Upstairs Artspace Spring Auction raises $12,000

Published 12:11 pm Thursday, May 19, 2011

There’s nothing like a live auction. The night of Saturday, April 9 was quiet in Tryon, but it was crowded and bustling at the Upstairs Artspace. More than 200 people attended the Upstairs’ art auction, one of the gallery’s major annual fundraising events.

The auction featured community donated art and included some paintings, sculptures, drawings and prints.

“We’re so grateful for the generosity everyone showed,” said Carol Newton, vice president of the Upstairs’ board of directors. “We called for help from our community, and that’s exactly what we got.”

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Sales from the evening’s events raised over $12,000, twice the amount generated by the gallery’s previous auction. Proceeds will support the Upstairs in an economic environment presently challenging so many businesses, but certainly, specifically, the arts and artists.

“We see this fundraiser as a sort of clearinghouse for good will,” said Newton. “We received an unprecedented amount of art from the community, auctioned those items off, and the money we generated will be used to support this community-based arts organization.”

Newton especially credited volunteer co-chairs Gail Muir and Harry Sparshott for their commitment and energy.

“In March, Harry sent out an email that said we only had 15 pieces so far, which was a lot less than the 100 pieces we had at the last auction. He and Gail put out the alert and we ended up with 250 pieces. That was because of this wonderful community. We put an article in the Tryon Daily Bulletin and the community heard the cry. People stepped up and proved that this is truly the community’s gallery. That’s what we want it to be,” said Newton.

Staff member Wyndy Morehead was one of many people involved in the hands-on preparation that went into the event. Morehead reported that 99 percent of the donated artworks were sold that evening.

“The quality of pieces was high – and that’s what we wanted – but we were truly pleased with the range and depth of the items we were able to offer,” Morehead added with a smile, “I think there might have even been some ‘Antiques Roadshow finds’ among the night’s offerings.”

Donated work included a large array of folk art and pieces from well-known local artists, including Claude Graves from Little Mountain Pottery and Jim Cullen from Roundhouse Pottery. Many local artists contributed pieces. Landscape and portrait artist Rich Nelson donated a painting that sold for more than $2,000 at the live auction.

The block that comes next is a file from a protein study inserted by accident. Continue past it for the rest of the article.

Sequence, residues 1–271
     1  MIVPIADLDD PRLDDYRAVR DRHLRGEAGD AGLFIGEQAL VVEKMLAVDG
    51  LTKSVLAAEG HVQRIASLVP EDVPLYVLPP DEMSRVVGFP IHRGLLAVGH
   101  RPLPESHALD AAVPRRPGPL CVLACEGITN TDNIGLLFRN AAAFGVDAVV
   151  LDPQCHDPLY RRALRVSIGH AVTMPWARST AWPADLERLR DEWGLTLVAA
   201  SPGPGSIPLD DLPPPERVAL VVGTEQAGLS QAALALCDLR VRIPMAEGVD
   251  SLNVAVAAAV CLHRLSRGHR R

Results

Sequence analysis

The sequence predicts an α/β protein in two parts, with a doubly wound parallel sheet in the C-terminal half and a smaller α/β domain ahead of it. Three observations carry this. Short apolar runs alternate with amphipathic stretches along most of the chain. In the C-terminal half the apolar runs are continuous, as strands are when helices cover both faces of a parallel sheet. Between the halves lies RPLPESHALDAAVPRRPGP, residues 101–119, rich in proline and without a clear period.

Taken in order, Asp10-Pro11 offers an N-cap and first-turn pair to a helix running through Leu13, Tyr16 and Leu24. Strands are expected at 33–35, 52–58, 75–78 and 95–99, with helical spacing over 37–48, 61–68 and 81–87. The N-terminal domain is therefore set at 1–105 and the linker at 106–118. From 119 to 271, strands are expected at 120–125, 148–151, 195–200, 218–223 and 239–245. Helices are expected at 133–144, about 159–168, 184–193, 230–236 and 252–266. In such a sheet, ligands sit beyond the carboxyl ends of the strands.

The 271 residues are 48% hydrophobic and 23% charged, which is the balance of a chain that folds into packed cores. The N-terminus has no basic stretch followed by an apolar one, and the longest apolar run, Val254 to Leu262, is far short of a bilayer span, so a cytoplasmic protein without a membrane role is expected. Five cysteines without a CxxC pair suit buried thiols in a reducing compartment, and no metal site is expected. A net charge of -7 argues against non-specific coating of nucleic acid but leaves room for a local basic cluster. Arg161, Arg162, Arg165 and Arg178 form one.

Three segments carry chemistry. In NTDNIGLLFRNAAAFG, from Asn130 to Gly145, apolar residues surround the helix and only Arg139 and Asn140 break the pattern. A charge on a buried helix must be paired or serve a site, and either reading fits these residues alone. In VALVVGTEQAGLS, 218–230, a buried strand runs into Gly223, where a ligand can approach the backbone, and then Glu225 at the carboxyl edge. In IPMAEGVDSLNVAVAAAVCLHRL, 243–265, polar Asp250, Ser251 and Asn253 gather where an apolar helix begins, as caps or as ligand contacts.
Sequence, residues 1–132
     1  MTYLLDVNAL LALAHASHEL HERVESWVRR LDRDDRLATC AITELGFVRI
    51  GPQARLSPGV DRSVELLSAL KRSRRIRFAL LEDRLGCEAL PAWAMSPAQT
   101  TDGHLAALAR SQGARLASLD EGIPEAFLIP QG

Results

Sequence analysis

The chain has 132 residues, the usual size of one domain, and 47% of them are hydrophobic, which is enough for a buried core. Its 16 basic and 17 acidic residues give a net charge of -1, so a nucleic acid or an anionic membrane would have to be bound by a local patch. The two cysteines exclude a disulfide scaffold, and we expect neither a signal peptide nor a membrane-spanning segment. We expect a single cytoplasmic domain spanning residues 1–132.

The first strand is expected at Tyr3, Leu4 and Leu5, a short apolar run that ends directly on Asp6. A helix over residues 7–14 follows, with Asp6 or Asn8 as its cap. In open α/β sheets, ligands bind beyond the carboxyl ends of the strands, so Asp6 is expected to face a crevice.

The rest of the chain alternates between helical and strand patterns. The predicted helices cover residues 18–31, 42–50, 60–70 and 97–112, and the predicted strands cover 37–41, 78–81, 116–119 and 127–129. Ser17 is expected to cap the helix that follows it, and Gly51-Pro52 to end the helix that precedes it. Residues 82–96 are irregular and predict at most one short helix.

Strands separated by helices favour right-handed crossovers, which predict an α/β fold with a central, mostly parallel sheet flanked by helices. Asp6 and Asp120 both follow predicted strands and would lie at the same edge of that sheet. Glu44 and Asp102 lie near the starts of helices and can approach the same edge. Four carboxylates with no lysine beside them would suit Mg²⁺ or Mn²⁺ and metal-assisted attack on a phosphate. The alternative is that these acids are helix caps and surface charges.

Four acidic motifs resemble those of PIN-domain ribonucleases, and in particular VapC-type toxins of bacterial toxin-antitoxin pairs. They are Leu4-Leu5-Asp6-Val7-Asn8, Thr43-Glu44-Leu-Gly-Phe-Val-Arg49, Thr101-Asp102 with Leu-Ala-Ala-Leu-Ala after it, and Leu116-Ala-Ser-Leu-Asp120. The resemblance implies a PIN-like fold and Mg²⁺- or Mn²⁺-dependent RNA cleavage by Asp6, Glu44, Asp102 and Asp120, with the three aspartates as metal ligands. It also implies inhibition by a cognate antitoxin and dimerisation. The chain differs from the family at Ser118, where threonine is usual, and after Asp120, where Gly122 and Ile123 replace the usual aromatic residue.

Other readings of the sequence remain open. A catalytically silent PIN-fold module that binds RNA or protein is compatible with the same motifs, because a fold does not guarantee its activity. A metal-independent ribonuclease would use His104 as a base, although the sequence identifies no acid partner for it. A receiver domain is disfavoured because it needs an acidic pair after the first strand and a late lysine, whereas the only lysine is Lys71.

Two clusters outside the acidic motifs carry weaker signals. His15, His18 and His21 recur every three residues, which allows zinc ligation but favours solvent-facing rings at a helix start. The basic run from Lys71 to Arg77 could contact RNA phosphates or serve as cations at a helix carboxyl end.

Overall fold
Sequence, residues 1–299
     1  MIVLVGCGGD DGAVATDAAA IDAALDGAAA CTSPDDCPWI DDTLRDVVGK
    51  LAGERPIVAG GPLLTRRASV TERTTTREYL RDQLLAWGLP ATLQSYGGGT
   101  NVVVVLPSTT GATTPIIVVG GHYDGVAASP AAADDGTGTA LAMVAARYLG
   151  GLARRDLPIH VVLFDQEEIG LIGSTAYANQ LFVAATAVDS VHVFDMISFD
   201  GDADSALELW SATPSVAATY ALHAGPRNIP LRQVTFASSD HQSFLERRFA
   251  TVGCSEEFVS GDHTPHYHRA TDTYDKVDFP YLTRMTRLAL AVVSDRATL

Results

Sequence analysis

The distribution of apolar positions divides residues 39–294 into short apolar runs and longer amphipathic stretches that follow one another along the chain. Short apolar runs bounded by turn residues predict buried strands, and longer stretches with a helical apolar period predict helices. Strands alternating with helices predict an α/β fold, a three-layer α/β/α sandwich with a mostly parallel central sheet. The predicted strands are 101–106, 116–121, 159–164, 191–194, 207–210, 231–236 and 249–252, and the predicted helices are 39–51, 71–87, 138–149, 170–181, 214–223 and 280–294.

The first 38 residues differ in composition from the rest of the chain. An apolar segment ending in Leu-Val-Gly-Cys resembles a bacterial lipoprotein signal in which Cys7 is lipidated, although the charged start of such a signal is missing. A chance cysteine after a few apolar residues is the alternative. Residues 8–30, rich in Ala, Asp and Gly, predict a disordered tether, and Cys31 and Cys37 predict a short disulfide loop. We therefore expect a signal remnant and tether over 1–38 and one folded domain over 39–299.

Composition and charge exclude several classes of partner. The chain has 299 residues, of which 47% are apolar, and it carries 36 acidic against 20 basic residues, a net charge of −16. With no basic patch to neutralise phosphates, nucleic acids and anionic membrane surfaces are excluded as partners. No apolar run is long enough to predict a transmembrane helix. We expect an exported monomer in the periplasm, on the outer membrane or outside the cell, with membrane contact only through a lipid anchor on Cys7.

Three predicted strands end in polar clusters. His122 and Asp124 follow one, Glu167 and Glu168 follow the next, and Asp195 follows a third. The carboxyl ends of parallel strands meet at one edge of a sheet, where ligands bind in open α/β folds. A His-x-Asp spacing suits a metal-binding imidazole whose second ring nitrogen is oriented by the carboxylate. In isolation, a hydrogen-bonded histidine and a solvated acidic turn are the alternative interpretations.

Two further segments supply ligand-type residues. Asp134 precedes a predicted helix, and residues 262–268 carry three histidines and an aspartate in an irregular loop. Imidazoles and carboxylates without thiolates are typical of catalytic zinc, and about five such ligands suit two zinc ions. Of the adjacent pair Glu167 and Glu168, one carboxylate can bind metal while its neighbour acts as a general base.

All week, the silent auction drew bidders to their hoped-for treasures. They wrote down their bids, then returned throughout the week to see if anybody had bested them. Saturday afternoon, bidders returned in earnest, hovering in the vicinity of their treasure, if not directly over it, lest someone outbid them.

Someone banged a pot: “Final bids! The silent auction ends in five minutes!”

Auction organizers said the atmosphere was exciting and festive and there was a lot of scurrying around in the last seconds. Local residents, art collectors and those hoping to score a bargain stood shoulder-to-shoulder in front of nearly 250 works of art.

At 5 p.m. sharp, the silent auction ended. Winning bidders went home happy, treasures in hand. Then the live auction began.

The success of a live auction depends on the skills and performance of the auctioneer. Bill Jones, a retired stockbroker who lives in the Lake Lanier community, hosted the live auction and served as its auctioneer. Jones’s presentation of the items was, expectedly, fast-paced and efficient, but also comedic as he cajoled and joked with more than 30 live bidders, at one time pulling a phone out of his coat pocket, pretending to talk with someone who had, in fact, placed an earlier bid. Jones was enticing the live bidder to outbid the early bid – and successfully did so with little effort. Written bids were allowed for live auction items, but were almost always quickly overcome when the live bidding started.

The next major fundraiser is the gallery’s third annual Art Trek Tryon, July 29 – 31, when more than 30 local artists open their studios to the public. The Trek is preceded by a gala preview party Friday evening. More information will follow as it becomes available.

If you’re interested in becoming involved with, or a member of, the Upstairs Artspace, call 828-859-2828.

– article submitted by Wendy Thomas